Sunday, 17 July 2011
One thing I know for sure is that we have eaten a lot of butter naan and a lot of butter paneer. That equals A LOT of butter. But all diet rules are off when you are in a foreign country, right? To even things out, we have been having an lively 80's workout session on the rooftop in the mornings, so hopefully we don't pack out more than souvenirs when we leave.
Over the past week we have held two very successful workshops for the Nepali students. One was about time management and how to schedule your life while in medicine and the other was a study skills workshop. The time management workshop foucsed on tools to help with organization, such as To-Do lists, prioritization and goal setting and then eventually showing the students how we schedule our time and how much of our day is actually dedicated to studying. We recieved good feedback from them and more than anything, I think they like to hear about how Canadians function.
The study skills workshop went even better than the Time Management workshop. We demonstrated how we tackle making notes for exams. We call them our ConEx notes, or our condensed exam notes where we take notes from textbooks, lectures and PBL and organize them into one concise document. The students raved about it so much that those who could not attend the workshop the first time, asked if we would do it again.
This past week we were also allowed to attend PBL. All the students were very conscientious of our presence and inability to understand Nepalese so they spoke English, despite their natural tendencies to debate in their native language. We appreciated this and it gave us a very good understanding of how they communicate to each other throughout the problem solving process. One thing that stood out to me is that after each session every student will give feedback to the rest of the group. And it is honest feedback. They take out the "fluffy" general comments and they tell it like they see it.
Besides schoolwork, we have been able to visit some sites around Kathmandu. We visited a giant Stupa called Boudda Naf as well as the Kapan monastery that overlooks the Kathmandu valley and we visited the Hindu cremation site Pashupati. All of which were beautiful and culturally educational.
Out next stop (if time permits) is Nagarkot where the sun rises over Mt. Everest.
Saturday, 9 July 2011
We arrived at the Shalom Guesthouse with a very warm welcome from Kylie, Mike, Renee and Hasan who did everything they could to make us feel at home. Over the next few days we tried to pick their brains of everything they knew about Patan, PAHS and the students. We has several "hand-over" meetings where they intorduced us to the projects that they started and helped guide us as to what our next steps should be. We are sad that we only had a few days with them and we wish our overlap time was longer.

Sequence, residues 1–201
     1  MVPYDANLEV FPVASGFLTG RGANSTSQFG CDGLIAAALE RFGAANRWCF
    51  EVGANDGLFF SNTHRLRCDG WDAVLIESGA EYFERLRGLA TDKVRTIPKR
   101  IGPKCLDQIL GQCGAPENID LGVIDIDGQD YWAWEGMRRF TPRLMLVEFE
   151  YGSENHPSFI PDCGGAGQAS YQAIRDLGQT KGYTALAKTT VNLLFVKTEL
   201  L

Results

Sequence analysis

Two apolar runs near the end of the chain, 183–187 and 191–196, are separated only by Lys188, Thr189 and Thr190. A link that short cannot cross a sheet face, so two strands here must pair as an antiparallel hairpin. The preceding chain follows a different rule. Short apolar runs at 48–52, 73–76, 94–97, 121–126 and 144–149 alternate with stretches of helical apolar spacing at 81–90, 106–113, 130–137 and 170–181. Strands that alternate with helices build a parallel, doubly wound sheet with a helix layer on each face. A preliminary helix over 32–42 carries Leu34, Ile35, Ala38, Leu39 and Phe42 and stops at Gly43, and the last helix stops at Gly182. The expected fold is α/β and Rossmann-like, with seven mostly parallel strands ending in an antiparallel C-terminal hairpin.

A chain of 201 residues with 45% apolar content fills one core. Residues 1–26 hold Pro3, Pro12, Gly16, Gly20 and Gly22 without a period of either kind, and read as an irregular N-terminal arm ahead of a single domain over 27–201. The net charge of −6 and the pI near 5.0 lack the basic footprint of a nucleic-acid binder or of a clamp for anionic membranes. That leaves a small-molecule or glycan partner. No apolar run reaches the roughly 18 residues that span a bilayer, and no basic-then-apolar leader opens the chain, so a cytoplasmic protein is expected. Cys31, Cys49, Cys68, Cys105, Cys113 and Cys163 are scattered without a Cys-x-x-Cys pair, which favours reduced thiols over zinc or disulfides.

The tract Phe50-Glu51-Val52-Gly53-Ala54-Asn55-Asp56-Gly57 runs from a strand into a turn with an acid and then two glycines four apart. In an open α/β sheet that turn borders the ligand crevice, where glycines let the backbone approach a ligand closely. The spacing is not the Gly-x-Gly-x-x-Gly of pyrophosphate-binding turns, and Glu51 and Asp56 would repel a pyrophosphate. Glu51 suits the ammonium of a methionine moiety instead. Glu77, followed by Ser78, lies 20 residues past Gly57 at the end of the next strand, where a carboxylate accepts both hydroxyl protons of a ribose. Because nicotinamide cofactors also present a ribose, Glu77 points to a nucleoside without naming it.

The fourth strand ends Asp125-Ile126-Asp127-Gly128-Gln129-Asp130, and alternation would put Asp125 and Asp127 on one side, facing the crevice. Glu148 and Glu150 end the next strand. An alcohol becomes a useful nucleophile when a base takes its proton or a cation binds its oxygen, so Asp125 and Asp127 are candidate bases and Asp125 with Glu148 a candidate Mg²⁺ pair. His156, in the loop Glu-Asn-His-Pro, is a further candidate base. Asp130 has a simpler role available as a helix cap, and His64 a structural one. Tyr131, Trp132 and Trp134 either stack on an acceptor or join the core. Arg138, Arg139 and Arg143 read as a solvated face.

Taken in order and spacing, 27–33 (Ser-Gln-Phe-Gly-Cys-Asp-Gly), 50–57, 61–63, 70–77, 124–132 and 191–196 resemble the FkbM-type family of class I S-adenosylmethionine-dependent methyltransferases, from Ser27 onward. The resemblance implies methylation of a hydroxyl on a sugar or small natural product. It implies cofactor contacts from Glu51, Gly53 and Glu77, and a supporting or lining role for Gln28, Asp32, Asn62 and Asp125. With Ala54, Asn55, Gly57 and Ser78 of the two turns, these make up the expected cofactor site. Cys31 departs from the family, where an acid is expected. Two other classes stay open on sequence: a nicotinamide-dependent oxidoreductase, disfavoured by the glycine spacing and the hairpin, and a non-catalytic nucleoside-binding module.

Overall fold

Tuesday was our first day without them. Our first thought was, can we even find our way to the hospital? Luckily we did and it turned out to be a very fulfilling day of lectures and getting to know the students. Today we learned about how to interpret ECGs, which is a difficult topic even for me having already learned how a few months ago. However, I think all the students did really well and asked very good questions. Their dedication and passion for their studies is very inspirational.
Thursday we held a Time Management workshop for the students to help them get organized. We all know how busy life can be and sometimes knowing how to write a To-Do list and make a schedule can make all the difference. It was a successful workshop and next week we will check in to see if the new techniques that we introduced are helpful.
Friday was probably the most fun that we have had in Patan so far. This was Katelyns birthday so Keira, myself and some of the students planned a surprise birthday for her. A couple of the students kept Katelyn late after school because they needed some "extra tutoring" while keira and I went home to decorate. There were probably 20 students who showed up to celebrate with us and it was a great time to get to know the students in a more casual atmosphere.